Known equipment for carrying out laparoscopic surgery includes traditional mechanically operated devices and various robotic or mechatronic prototype devices.

These instruments are the current default platforms for SILS, NOES and NOTES. These techniques have achieved little progression beyond the experimental phase, despite nearly 10 years of committed effort at exploration and early assessment. One example of a robotic surgery tool is the da Vinci Surgical System which is used by surgeons to replicate the same intra-corporeal surgical steps that would be undertaken using a conventional minimally invasive surgery approach. The putative benefits of robot-assistance are compelling, but are yet to translate to clear advantages affirmed by laudable evidence.

There are a number of prototype platforms for SILS, NOES and NOTES that are being developed worldwide by several academic groups. The majority of these prototypes attempt to exploit the benefits of robotic or mechatronic enhanced design to overcome challenges of the required single shaft bimanual actuating system. All current platforms remain in the pre-clinical phase with only a small number having reported feasibility in an in-vivo animal trial setting. Major limitations of emerging prototypes are almost universally shared. These pertain to adequate triangulation, force delivery, stability and control. Capability of any one prototype to break through to clinical translation and achieve meaningful impact is critically dependent on these requirements being met. The present invention seeks to address the issues of bimanual instrument triangulation and force-delivery.

An aim of the present invention is to provide a platform design that enables these new techniques to be more realisable in the short-term clinical setting. This approach promises a more immediate and accelerated route to clinical translation not only through low-cost and adaptive features, but also by directly addressing several major existing barriers in platform design.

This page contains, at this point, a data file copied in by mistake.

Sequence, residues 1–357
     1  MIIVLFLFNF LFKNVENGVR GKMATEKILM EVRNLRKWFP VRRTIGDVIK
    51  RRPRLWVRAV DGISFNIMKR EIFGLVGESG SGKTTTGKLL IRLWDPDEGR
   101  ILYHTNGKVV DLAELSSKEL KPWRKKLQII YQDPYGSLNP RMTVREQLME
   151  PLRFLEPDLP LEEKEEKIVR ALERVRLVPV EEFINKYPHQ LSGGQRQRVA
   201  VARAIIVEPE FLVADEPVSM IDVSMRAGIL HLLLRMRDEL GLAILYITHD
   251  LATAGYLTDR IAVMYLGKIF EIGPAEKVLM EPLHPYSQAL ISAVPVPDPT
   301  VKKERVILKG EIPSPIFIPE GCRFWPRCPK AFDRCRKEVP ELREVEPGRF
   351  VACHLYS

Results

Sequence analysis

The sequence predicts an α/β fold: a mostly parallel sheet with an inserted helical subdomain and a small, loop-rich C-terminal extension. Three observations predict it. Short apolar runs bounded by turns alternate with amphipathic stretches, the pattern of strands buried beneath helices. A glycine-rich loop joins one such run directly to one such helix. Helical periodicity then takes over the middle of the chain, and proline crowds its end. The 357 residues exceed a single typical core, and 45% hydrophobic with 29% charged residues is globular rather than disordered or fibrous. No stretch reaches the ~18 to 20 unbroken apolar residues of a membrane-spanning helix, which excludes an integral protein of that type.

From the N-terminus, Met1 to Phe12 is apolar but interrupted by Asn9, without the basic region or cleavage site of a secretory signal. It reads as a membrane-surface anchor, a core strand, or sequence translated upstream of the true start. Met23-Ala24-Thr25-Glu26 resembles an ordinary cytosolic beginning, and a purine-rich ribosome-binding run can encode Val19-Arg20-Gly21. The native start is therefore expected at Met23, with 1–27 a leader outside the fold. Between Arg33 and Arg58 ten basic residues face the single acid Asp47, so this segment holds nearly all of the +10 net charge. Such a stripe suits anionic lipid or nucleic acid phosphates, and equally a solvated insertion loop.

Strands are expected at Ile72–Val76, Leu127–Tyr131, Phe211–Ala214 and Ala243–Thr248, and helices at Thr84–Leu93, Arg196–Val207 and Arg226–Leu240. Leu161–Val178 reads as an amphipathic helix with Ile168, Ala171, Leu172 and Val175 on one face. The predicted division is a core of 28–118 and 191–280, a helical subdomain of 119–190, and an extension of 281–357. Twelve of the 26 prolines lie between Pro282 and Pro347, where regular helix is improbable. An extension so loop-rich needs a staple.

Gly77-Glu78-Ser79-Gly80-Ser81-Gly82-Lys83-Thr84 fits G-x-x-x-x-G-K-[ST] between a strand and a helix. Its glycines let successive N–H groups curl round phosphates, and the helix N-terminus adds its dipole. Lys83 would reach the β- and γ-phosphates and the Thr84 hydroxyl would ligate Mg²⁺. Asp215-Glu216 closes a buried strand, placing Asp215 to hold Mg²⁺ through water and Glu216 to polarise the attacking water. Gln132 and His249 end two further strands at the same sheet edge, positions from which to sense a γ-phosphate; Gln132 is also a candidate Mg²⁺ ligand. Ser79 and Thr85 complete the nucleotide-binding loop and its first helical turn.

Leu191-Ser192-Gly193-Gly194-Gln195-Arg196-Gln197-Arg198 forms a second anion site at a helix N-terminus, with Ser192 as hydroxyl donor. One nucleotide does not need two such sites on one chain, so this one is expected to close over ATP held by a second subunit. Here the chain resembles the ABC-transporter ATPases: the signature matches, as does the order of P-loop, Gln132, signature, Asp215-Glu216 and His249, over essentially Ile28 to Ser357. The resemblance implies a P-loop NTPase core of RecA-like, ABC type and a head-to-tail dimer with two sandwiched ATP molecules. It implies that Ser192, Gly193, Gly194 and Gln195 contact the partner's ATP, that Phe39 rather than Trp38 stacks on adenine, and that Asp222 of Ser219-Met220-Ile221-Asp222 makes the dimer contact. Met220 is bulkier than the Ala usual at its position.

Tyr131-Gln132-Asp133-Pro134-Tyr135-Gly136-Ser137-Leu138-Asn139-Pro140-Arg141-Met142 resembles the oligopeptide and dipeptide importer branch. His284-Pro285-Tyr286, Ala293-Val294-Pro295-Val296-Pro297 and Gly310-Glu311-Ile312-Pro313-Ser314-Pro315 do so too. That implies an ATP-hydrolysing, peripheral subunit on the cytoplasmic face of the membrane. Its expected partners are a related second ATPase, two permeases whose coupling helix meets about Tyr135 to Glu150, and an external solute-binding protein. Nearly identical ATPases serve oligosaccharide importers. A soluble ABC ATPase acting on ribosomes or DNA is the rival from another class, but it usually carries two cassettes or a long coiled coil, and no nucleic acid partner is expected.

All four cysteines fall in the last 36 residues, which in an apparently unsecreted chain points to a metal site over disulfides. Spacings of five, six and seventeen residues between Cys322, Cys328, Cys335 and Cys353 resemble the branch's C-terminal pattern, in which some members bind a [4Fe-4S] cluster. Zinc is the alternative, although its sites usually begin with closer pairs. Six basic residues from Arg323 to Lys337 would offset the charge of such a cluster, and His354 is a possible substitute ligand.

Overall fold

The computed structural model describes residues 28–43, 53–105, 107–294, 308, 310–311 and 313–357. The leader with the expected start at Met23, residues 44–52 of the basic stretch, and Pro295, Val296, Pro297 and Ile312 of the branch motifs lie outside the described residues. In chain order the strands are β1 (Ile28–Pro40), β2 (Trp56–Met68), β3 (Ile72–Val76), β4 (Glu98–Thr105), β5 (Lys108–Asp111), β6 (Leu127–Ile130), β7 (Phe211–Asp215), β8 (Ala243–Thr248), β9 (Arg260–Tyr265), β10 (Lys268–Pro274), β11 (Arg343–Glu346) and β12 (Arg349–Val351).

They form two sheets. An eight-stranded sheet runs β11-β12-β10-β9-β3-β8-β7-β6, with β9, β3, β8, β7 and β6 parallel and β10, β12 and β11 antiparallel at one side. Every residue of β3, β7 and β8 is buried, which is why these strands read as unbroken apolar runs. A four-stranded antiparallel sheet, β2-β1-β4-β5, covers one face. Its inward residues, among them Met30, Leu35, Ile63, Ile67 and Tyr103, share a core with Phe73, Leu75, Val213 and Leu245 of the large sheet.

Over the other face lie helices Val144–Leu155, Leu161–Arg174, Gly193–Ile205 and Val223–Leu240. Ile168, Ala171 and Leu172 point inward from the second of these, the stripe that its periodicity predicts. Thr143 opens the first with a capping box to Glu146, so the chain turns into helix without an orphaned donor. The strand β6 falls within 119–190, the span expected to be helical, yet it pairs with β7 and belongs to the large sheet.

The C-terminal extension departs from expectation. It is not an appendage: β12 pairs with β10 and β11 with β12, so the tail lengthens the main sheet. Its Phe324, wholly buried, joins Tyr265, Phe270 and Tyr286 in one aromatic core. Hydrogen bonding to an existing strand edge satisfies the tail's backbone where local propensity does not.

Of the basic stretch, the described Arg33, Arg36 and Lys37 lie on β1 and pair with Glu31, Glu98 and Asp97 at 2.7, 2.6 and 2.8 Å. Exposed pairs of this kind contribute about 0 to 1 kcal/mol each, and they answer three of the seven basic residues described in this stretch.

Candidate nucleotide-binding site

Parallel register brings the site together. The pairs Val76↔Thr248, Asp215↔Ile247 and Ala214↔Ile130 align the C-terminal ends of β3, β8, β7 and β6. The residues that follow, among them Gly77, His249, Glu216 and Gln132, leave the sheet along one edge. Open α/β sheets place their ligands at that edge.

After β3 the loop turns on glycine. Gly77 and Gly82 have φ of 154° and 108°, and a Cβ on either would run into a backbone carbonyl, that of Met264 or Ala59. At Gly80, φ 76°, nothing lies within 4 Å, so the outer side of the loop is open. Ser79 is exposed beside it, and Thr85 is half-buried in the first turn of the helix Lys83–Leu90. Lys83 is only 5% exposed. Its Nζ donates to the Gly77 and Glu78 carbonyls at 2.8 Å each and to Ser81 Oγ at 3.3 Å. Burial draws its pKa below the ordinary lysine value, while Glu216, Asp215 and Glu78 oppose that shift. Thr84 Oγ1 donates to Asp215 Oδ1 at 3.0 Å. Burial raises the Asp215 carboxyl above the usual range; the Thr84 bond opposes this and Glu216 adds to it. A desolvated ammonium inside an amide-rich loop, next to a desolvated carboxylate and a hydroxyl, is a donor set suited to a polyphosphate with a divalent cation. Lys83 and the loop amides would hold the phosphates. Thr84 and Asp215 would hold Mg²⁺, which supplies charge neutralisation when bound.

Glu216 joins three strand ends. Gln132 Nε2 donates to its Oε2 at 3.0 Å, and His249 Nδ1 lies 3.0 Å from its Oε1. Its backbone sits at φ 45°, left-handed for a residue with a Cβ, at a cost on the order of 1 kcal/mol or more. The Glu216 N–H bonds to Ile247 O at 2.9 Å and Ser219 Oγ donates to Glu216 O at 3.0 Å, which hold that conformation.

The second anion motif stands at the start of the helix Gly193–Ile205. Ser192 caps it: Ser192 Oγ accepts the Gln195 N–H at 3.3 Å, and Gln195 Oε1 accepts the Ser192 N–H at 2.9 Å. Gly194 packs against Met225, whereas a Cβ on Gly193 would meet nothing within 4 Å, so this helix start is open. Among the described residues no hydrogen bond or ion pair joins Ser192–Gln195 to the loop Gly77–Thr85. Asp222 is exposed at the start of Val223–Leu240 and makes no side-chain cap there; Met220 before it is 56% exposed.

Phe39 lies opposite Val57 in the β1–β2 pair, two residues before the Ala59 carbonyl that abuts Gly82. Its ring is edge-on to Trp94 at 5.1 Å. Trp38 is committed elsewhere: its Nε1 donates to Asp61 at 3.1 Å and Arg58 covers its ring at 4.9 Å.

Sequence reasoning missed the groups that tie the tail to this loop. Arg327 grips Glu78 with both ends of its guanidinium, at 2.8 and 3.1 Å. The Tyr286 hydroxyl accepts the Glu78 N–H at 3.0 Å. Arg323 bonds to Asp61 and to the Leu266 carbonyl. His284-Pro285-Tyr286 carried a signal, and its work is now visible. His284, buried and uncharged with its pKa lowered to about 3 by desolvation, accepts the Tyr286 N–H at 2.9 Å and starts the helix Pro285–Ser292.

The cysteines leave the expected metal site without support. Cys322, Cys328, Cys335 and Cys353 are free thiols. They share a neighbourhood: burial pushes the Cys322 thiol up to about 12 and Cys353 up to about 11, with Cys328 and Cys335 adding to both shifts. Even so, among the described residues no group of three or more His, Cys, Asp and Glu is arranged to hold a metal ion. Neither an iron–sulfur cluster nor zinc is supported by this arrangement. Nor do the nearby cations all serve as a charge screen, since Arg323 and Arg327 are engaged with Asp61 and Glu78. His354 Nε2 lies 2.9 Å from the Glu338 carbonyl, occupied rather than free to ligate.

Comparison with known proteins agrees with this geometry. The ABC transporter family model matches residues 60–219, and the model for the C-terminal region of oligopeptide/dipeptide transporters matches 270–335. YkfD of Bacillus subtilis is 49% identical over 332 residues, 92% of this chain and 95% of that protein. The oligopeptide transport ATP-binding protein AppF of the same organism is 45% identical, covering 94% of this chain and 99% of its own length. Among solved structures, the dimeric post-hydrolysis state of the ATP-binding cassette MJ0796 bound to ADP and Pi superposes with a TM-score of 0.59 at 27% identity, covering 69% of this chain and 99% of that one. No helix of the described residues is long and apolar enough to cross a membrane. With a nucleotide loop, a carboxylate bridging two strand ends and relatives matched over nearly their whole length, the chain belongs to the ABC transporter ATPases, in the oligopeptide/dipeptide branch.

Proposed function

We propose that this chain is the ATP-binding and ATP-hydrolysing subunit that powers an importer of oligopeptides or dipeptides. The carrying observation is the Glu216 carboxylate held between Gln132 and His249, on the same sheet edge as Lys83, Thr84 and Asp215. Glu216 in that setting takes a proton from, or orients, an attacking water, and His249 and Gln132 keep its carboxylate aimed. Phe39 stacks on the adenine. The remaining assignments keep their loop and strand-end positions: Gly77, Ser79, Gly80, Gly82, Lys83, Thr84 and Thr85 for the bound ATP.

The present invention provides a surgical device comprising a deployable peripheral structure for insertion into a human or animal body, and one or more surgical tools disposed at least partially within the deployable peripheral structure and having a plurality of tendons connected thereto operable to manipulate the or each surgical tool.

Advantageously, the device according to the invention allows surgery to be performed with only a single incision (internal or external) to the patient and only a single piece of equipment needs to be inserted into the patient.

By using tendons to control the surgical tool, the invention provides sufficient degrees of freedom in the movement of the tool to perform complicated tasks. The arrangement of tendons also allows strong forces to be applied to the tool, and allows well controlled, stable movements. A further advantage is that existing endoscopes can be modified to include the invention. The invention also provides a method of performing surgery using a surgical device according to any of the preceding claims, comprising inserting the surgical device into the human or animal body and deploying the peripheral structure, then operating the arm using the tendons and using the surgical implement at the end of the arm to carry out a task.

There follows a detailed description of embodiments of the invention by way of example only and with reference to the accompanying drawings in which:

Fig. 1 is a schematic representation of a surgical system in accordance with an embodiment of the invention;

Fig. 2 is a schematic cross-section of a device embodying the invention;